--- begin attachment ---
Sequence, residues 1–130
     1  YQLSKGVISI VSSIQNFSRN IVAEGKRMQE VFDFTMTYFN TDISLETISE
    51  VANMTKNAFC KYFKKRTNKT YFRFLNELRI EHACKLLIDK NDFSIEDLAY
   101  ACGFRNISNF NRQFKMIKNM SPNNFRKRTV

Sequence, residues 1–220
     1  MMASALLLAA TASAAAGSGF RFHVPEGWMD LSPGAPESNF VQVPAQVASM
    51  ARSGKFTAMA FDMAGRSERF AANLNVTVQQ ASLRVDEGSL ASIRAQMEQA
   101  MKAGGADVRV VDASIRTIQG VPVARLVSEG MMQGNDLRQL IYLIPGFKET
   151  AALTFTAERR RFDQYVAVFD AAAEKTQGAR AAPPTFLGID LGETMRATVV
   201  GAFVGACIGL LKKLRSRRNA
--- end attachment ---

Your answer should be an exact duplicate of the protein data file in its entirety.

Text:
Sequence, residues 1–130
     1  YQLSKGVISI VSSIQNFSRN IVAEGKRMQE VFDFTMTYFN TDISLETISE
    51  VANMTKNAFC KYFKKRTNKT YFRFLNELRI EHACKLLIDK NDFSIEDLAY
   101  ACGFRNISNF NRQFKMIKNM SPNNFRKRTV

Sequence, residues 1–220
     1  MMASALLLAA TASAAAGSGF RFHVPEGWMD LSPGAPESNF VQVPAQVASM
    51  ARSGKFTAMA FDMAGRSERF AANLNVTVQQ ASLRVDEGSL ASIRAQMEQA
   101  MKAGGADVRV VDASIRTIQG VPVARLVSEG MMQGNDLRQL IYLIPGFKET
   151  AALTFTAERR RFDQYVAVFD AAAEKTQGAR AAPPTFLGID LGETMRATVV
   201  GAFVGACIGL LKKLRSRRNA